The diaphanous dandelion is hard to capture well in a painting, and it was a challenge I couldn't wait to take on! The different ways paint is applied here on the clear glass versus the opaque dandelion makes for a nice juxtaposition. I wanted to see how many colors can actually live in a clear glass vase. Overall, I wanted to achieve a feeling of quietude, a fleeting moment that's gone in an instant, but is captured in paint. This painting is on composite board and will need a frame for display. 

- Julia Bright


Oil painting on composite board

Signed on front

12" h x 9.5" w x .5" d
3 lbs. 0 oz.



Julia Bright
Boulder, Colorado

Getting to Know Julia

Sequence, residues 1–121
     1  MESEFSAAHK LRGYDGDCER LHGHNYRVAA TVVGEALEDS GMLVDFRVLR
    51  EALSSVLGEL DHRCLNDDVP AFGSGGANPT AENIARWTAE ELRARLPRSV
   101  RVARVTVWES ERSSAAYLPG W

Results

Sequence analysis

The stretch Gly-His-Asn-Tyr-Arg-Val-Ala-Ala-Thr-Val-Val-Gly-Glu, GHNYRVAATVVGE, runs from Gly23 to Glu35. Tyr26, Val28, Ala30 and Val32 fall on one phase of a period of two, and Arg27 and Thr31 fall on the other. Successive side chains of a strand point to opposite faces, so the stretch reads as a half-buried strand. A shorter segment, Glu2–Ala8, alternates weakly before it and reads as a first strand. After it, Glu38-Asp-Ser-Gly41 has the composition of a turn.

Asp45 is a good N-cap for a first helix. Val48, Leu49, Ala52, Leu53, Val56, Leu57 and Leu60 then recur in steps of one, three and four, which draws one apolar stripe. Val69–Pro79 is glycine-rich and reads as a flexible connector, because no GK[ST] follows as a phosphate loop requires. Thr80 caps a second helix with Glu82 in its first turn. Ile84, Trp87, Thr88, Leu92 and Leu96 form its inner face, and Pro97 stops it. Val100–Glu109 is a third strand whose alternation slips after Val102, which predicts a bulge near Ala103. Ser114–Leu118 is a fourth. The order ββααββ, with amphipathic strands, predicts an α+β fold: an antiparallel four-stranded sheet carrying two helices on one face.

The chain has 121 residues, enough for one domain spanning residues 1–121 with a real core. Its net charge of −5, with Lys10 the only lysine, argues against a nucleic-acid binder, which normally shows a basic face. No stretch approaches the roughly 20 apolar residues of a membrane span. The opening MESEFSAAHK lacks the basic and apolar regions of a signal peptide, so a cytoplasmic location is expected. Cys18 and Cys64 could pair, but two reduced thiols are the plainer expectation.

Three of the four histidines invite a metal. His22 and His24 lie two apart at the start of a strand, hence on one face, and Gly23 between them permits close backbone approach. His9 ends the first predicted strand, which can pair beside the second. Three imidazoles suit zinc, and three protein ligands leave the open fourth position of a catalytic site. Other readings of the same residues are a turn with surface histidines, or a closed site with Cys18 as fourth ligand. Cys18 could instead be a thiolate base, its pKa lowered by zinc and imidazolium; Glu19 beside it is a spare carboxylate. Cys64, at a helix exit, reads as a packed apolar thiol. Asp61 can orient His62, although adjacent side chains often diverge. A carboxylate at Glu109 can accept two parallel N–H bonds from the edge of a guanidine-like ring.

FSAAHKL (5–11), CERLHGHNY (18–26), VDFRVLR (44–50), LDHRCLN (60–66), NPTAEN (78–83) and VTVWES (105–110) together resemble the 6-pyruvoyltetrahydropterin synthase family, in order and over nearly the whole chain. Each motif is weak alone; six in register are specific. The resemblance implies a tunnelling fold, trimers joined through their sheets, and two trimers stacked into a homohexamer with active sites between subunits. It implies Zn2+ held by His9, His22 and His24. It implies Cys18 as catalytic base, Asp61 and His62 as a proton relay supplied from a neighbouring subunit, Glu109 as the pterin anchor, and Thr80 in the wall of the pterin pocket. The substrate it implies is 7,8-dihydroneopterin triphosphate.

Julia Bright bases her still life paintings on 17th century French and Dutch art methods, which means that her process is very time-consuming and deliberate. She uses hand-ground oils, birchwood supports, and maroger medium, a thick gel that is mixed into the paint to keep it from running off the panel and to speed the drying process. Similar to the Old Masters she admires, Julia is preoccupied with light and how it affects the objects she paints. Her watermelons and pumpkins are all the more enticing for it, as the light dances across the forms, altering the color and providing depth. Julia emigrated to the U.S. from the former Soviet Union when she was a teenager. Her passion for painting was undoubtedly developed as a child visiting the Hermitage Museum in St. Petersburg, where the great works of Chardin and Ingres mesmerized her.